Coming: Conscious Language the Book!

 

Sky-blue book icon on a black background. Title: Conscious Language. Byline: Karen Yin.

I’m pleased to announce that my nonfiction book, Conscious Language, will be published by Little, Brown Spark. In my guide to promoting equity through language, I will share my insights on mindful and inclusive language while encouraging adoption of conscious language as a tool for self-awareness and empowerment. Please subscribe to The Conscious Language Newsletter for updates.

About Conscious Style Guide

Welcome to Conscious Style Guide, the first website devoted to conscious language. My mission is to help writers and editors think critically about using language—including words, portrayals, framing, and representation—to empower instead of limit. In one place, you can access style guides covering terminology for various communities and find articles debating usage. We study words so that they can become tools instead of unwitting weapons.

I launched Conscious Style Guide and The Conscious Language Newsletter in 2015, but the idea behind them unfolded in 2011. As the writer/editor behind AP vs. Chicago and the Editors of Color Database, I wanted to gather work on compassionate, mindful, empowering, respectful, and inclusive language in one place. Many of us seek terminology that is more accurate, logical, and reasonable but don’t have the time or the will to comb through the internet. Many marginalized communities provide media guides, but locating them was challenging—and once you found one, it might not present opposing perspectives. Conscious Style Guide helps you construct and polish your rationale to make educated choices. The point is to peel back the layers and invite you into the discussion. Increasing access increases awareness, and increasing awareness increases use.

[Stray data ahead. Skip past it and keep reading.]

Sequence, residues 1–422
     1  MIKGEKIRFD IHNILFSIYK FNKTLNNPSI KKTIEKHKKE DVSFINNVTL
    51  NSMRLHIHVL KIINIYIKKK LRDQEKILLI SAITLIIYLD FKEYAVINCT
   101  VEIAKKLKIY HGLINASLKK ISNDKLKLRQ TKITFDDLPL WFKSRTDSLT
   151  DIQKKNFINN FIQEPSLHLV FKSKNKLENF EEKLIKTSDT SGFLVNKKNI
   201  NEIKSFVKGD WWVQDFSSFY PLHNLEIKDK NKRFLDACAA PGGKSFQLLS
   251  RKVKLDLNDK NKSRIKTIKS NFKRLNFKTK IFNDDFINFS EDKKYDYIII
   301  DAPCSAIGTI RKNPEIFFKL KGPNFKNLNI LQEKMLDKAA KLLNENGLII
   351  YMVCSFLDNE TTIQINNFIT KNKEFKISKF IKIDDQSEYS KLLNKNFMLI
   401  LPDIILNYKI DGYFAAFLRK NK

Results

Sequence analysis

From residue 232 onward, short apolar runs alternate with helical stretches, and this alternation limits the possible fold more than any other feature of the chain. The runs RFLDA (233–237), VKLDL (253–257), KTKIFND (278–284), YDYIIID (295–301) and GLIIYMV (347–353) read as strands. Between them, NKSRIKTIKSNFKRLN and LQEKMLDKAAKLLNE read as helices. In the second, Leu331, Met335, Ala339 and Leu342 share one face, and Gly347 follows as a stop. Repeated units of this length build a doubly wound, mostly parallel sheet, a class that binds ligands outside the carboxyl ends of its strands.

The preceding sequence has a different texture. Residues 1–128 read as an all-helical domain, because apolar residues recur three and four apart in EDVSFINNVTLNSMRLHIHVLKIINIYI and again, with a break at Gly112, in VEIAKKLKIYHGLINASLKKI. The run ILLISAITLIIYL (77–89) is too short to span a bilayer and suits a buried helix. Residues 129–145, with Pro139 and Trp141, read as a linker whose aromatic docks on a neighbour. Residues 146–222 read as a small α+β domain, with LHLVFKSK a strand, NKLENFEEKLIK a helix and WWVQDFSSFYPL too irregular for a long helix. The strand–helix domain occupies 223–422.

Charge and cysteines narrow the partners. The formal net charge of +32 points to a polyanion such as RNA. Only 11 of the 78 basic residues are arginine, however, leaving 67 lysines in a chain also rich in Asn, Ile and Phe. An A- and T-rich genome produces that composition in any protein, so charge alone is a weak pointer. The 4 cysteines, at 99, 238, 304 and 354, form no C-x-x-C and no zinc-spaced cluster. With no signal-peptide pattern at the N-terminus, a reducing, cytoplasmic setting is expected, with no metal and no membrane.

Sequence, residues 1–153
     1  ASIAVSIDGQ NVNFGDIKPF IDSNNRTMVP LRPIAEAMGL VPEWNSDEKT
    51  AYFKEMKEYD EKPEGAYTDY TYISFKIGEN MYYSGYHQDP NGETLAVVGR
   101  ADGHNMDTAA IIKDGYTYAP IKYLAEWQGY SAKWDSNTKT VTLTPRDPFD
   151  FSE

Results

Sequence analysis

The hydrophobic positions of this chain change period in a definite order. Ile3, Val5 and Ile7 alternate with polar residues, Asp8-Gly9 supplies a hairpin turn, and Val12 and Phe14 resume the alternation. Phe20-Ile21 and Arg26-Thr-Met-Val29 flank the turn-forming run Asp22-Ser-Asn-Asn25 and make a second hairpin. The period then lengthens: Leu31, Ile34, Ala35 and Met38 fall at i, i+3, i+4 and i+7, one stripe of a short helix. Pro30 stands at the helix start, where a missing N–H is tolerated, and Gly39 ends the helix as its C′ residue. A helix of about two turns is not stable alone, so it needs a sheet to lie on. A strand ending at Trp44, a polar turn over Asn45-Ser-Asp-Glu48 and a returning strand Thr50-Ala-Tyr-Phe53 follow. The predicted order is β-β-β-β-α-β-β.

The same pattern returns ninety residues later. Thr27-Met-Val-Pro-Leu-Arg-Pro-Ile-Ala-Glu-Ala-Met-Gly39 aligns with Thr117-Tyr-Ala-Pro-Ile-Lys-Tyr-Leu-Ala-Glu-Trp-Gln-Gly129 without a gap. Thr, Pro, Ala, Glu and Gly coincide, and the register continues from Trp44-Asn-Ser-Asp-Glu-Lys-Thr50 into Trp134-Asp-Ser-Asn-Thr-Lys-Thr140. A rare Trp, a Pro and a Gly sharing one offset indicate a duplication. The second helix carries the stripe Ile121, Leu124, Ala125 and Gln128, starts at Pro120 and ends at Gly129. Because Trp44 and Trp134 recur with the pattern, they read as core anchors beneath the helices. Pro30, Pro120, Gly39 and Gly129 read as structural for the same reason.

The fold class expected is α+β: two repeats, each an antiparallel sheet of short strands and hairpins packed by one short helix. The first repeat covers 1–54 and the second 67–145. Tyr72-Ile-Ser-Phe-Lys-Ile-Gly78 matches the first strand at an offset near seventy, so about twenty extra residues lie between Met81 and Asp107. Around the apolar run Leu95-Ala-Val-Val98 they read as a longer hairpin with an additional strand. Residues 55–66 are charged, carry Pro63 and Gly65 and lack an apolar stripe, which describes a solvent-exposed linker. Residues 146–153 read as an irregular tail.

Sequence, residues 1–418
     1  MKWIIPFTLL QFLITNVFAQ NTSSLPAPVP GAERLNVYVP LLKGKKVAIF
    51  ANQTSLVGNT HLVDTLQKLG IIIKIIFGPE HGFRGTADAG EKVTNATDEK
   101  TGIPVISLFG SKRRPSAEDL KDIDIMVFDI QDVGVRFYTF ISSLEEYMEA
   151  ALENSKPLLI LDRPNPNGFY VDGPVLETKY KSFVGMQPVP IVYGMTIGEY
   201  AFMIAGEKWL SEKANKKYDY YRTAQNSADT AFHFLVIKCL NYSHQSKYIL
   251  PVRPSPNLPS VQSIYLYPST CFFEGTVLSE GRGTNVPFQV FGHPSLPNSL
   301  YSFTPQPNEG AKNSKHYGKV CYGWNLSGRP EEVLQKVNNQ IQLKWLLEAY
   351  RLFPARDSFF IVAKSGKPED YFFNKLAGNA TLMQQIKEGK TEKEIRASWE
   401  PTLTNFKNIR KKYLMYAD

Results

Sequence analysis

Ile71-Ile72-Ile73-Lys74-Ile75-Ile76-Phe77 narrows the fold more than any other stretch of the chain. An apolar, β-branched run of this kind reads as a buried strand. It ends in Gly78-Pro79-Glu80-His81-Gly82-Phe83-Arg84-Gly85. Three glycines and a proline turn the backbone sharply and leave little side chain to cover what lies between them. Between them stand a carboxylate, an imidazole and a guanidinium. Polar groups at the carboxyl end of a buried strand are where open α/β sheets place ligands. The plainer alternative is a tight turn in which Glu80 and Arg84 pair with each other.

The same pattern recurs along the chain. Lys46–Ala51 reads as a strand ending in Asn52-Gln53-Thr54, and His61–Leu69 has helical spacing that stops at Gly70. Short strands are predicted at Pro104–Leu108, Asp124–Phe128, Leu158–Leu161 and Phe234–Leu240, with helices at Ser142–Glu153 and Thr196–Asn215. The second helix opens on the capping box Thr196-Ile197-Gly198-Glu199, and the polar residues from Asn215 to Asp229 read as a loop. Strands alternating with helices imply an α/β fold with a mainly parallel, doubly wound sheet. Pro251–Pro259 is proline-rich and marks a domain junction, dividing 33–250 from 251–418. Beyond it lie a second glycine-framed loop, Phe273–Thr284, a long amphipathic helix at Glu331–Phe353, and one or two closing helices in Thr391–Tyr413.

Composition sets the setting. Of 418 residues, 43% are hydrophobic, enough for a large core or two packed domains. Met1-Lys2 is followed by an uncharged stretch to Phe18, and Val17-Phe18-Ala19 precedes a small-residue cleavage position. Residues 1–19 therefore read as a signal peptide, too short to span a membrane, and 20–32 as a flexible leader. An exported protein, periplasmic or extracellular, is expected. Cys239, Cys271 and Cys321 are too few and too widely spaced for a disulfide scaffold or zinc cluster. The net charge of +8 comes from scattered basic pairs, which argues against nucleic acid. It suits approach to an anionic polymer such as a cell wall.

Content and context work together, so I avoid a one-word-fits-all approach. Instead, I encourage you to immerse yourself in the ongoing conversations about equity-based language so you can come to your own conclusions about what is more effective for you and your audience.

One of Poynter’s top tools for journalists in 2018, Conscious Style Guide is also recommended by NASA, BuzzFeed, The Chicago Manual of Style, the Society of Professional Journalists, ACES: The Society for Editing, Mailchimp, and 18F.

Conscious language is tipping because we are pushing.

What Is Conscious Language, Anyway?

I coined the term conscious language to describe language that promotes equity, used skillfully in a specific context. Using conscious language involves asking yourself questions such as: